The Mets offense and (more importantly) a new tool for blogging
This morning I was thinking about how I can divert myself from work for a bit, and I remembered that last year I built a template to do a hot stove analysis of each team. I ended up doing a grand total of two teams. Well, I got to thinking of edits I could make to the thing to make it a little more interesting, and then in typical fashion I kept working on it til I had something. Not so good for my productivity at work, but it should lead to some interesting articles. So here is the first one. You're probably wondering why I would do this for the Mets. No real reason except that I commented on the Mets offseason earlier so they were on the brain a bit. Also, I'm getting sick of the same old analysis of the AL East every year. Let's get on with it.
I now present to you, the Mets offense:
2004 Roster Pos Name PA VORP C Jason Phillips 412 -5.3 1B Mike Piazza 528 29.9 2B Jose Reyes 229 5.2 3B Todd Zeile 396 0.4 SS Kazuo Matsui 509 23.7 RF Richard Hidalgo 359 7.4 CF Mike Cameron 562 27.0 LF Cliff Floyd 457 20.0 DH N/A 0 0.0 ----- ----- 3452 108.3
2005 Roster Pos Name PA VORP C Mike Piazza 389 24.2 1B Doug Mientkiewicz 393 12.7 2B Jose Reyes 443 12.7 3B David Wright 472 32.4 SS Kazuo Matsui 535 25.9 RF Mike Cameron 437 24.4 CF Carlos Beltran 607 51.6 LF Cliff Floyd 431 23.1 DH N/A 0 0.0 ----- ----- TOTAL 3707 207.0
I think at this point we're comfortable enough with VORP that I don't have to explain it too much, but basically it's a measure of runs over replacement level, the key point being that you can compare 2 years and get an idea of how many runs scored we can expect this year versus last year. The 2004 VORP's are actual and the 2005 VORP's are from the PECOTA weighted average forecast. After adjusting for the disparity in plate appearances (which isn't necessarily required, since a better offense will come to the plate more, but anyway), it looks like the Mets have increased their offesive potential by 84 runs, which is a lot. Getting Mike Piazza back behind the plate will allow them to play everyone's favorite baseball hoarder, Doug Mintyfreshkevitzski, at 1st base and stick sinkhole Jason Phillips on the bench. Speaking of sinkholes, 86 year old Todd Zeile got the most plate appearances at 3B on the team last year, and hit like a AAA player. Putting David Wright in full time will be a big boost, as he had a great year in limited playing time in 2004, posting a VORP of 21 in under 300 PA's. Lastly, the biggest single impact will be felt in the outfield, where Carlos Beltran takes over in CF, pushing Mike Cameron to RF (probably), and Richard Hidalgo back to the state of Texas. Carlos is good for half of the boost in scoring all by himself. It's a shame he got sent to a pitcher's park, cause I'd sure like to see the raw numbers he could put up otherwise. It also sucks for him that he's now in a league with Bonds and Pujols.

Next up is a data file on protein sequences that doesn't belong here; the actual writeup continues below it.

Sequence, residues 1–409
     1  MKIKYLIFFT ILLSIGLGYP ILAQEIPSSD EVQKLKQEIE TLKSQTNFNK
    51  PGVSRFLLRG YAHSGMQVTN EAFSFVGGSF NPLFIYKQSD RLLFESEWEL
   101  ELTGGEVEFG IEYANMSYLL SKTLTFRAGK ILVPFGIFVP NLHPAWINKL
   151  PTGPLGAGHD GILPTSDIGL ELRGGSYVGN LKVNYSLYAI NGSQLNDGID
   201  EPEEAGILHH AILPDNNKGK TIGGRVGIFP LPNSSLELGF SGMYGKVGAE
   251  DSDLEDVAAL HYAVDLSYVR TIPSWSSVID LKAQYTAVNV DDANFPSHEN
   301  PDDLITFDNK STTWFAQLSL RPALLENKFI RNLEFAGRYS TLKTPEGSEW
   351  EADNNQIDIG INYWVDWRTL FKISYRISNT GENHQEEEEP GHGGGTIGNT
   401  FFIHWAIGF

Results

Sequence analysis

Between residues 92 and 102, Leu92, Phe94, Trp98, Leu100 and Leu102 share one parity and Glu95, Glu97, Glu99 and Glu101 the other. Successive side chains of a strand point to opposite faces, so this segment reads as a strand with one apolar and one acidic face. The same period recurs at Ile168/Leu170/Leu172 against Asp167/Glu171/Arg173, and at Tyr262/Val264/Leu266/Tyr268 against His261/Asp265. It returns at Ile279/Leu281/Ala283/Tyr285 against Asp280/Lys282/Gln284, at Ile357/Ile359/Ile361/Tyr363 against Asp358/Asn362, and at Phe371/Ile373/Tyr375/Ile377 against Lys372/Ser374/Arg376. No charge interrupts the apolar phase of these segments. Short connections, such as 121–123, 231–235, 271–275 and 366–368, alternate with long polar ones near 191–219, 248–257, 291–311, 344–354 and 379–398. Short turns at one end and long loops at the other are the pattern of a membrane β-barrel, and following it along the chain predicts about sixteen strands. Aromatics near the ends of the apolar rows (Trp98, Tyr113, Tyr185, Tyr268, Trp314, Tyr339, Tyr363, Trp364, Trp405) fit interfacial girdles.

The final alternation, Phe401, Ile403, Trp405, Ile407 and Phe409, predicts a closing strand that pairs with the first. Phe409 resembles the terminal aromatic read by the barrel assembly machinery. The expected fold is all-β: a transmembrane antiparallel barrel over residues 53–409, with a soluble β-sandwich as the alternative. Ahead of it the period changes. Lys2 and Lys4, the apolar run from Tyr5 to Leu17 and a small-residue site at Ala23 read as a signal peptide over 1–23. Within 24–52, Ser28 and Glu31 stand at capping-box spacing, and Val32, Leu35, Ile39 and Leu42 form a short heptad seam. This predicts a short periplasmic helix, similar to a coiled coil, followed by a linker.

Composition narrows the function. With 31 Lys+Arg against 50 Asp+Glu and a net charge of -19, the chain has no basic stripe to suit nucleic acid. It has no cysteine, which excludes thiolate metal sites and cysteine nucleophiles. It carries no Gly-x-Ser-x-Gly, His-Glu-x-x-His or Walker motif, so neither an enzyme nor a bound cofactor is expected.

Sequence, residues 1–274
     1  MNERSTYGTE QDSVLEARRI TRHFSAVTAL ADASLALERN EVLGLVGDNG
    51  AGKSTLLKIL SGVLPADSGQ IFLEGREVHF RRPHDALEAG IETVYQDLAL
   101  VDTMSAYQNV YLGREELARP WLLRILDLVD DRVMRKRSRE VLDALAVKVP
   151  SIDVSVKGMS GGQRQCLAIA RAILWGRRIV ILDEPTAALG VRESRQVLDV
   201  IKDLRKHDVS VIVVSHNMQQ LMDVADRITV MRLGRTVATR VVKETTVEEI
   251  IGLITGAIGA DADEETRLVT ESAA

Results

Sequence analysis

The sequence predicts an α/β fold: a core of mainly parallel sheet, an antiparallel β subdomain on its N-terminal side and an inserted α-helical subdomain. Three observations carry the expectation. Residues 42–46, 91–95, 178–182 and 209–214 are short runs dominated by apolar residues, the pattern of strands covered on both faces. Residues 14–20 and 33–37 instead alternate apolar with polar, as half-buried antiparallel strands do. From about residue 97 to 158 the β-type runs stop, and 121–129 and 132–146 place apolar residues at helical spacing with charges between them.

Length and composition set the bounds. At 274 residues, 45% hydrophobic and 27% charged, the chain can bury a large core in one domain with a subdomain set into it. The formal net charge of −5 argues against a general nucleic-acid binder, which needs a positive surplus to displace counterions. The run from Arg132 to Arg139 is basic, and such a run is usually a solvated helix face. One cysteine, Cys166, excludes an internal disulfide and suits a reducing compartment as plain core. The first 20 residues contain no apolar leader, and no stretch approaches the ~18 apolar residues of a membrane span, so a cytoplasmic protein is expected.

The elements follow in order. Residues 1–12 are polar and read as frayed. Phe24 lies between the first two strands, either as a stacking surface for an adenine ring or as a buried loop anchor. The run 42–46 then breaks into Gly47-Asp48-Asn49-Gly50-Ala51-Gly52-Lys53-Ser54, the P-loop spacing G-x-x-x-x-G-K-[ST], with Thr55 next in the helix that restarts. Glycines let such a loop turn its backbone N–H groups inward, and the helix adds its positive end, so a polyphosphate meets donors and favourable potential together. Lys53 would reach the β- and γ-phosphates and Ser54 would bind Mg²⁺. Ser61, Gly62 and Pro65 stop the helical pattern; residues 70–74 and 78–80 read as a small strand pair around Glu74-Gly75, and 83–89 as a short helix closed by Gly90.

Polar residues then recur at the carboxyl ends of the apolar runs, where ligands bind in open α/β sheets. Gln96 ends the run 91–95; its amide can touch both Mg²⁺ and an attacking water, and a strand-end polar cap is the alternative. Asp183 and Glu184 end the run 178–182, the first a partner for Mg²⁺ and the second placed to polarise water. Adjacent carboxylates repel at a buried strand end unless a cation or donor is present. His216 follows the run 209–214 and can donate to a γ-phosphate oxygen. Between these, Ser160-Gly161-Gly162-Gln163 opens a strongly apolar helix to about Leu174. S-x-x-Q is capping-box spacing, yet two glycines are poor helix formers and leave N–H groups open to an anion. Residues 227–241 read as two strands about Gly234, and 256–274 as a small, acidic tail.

Before any hypothetical Mets fans get all excited, their pitching staff looks like it's headed for a nice decline. I didn't format the chart for that yet, but PECOTA predicts big declines for Glavine and Trachsel and basically treading water for Benson and Zambrano. Pedro's got a nice forecast, but unfortuantely he's replacing a great year by Al Leiter. On the whole the rotation will give back 40 or so of those runs.
Assuming the bullpen and bench are a wash, that's a net gain of around 40 runs. Their "3rd order" record (which is based on all their peripherals and is generally a better predictor than the real record) was 77-85. Based on my rough analysis, I'm sorry to report that all their big signings and money spent amount to about a .500 season for 2005. So much for all the stories about them stepping up to be an elite team.
I should probably actually do some work today. Hopefully I'll use this template to analyze some more teams before the season starts, but no promises. If the other bloggers want a copy, let me know.